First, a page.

Image Processing Reference
In-Depth Information
selected imagery types giving some general notion about correlation between image data
type, rough entropy measure, fuzzy and rough parameters and other distinct segmentation
quality measures.
Application of the presented research material relates to better insight into rough entropy
notion that should improve understanding of this new concept in the context of data analysis
and give way to practical incorporation into other data analysis frameworks. Additionally,
experimental results describe correlation between selected image quality assessment indices.
This type of information is valuable during construction and implementation of the image
segmentation and analysis systems.
11.1.2 Chapter Organization
Section 11.2 presents general information concerning segmentation and clustering algo-
rithms. In Section 11.4 methods of image segmentation has been presented together with
description of selected validation measures described in Section 11.3 that are used in evalua-
tion experiments. Experimental setup has been presented in Section 11.5 and experimental
results in Section 11.6. Finally, conclusions are drawn with summary of the obtained results.
Clustering Based Image Segmentation
11.2.1 Overview of Segmentation Methods
Segmentation operation is an essential and extremely important preprocessing step in the
majority of image analysis based routines such as computer vision with practical appli-
cations ranging from object extraction and detection, change detection, monitoring and
identification tasks. After the preprocessing stage of image handling routines, with for
example noise removal, smoothing, and sharpening of image contrast, follows the image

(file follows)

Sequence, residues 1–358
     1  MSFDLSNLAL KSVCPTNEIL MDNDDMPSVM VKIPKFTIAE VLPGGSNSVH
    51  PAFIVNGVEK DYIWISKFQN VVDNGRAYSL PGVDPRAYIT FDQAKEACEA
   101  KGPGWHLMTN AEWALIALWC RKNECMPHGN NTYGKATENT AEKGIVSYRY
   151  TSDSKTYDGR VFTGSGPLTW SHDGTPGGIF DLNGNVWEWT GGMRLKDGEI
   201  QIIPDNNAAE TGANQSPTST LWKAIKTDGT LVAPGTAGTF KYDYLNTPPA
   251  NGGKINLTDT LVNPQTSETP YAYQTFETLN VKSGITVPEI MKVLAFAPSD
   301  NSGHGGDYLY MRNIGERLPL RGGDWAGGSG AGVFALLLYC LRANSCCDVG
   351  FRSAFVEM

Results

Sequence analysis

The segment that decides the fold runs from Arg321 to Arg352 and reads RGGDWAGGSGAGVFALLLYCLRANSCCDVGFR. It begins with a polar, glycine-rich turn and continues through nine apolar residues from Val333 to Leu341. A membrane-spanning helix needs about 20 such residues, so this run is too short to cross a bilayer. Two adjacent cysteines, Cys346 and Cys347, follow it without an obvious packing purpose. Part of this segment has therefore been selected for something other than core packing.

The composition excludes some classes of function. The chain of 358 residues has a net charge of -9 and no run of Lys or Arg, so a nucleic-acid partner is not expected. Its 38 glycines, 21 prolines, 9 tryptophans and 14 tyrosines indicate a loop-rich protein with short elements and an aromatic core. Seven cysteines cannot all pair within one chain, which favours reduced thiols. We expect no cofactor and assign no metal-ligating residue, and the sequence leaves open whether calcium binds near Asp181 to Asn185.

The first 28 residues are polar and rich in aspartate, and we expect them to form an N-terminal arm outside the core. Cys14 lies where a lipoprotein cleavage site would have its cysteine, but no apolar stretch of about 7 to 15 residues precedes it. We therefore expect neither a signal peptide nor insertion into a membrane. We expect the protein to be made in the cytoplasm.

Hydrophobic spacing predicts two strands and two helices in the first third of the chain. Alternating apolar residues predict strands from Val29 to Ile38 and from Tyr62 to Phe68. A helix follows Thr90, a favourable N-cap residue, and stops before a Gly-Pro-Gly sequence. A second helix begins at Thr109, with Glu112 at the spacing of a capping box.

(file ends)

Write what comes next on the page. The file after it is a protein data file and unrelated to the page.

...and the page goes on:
segmentation step, and subsequently more specific, high-level analysis is performed such
as depicting objects and regions, and final interpretation of the image or scene. In almost
all areas, the quality of the segmentation step determines the quality of the final image
analysis output. Segmentation process is defined as an operation of image partitioning into
some non-overlapped regions such that each region exhibits homogeneous properties and no
two adjacent regions are homogeneous by means of intensity, color, texture or other rele-
vant features. Additionally, most often other conditions are simultaneously imposed in the
form, for example regions interiors that should be simple and without many small holes,
and each segment boundaries should be comparatively simple and should have spatially
accurate structure.
Image segmentation routines are divided into: histogram-based routines, edge-based rou-
tines, region-merge routines, clustering routines and some combination of the above rou-
tines. Exhaustive overview of the segmentation methods is available in (Fu and Mui, 1981)
and image segmentation evaluation methods in (Zhang, 1996). Edge detection approaches
to image segmentation deal with discovering image locations where sharp changes in grey
level or color are detected. The main di culty in this type of algorithms is maintenance
of the continuity of detected edges. Segments have always to be enclosed by continuous
edges. However, usually disconnected or isolated edges within areas with more details have
to be combined by using specialized heuristics. Region growing or merging presents an ap-
proach for image segmentation where large continuous regions or segments are detected first
and afterwards, small regions are subjected to merging operation by use of a homogeneity
criteria. Region growing and merging routines are sequential in nature, dependent upon
the order in which regions grow or merge.
Furthermore, algorithms based on combining
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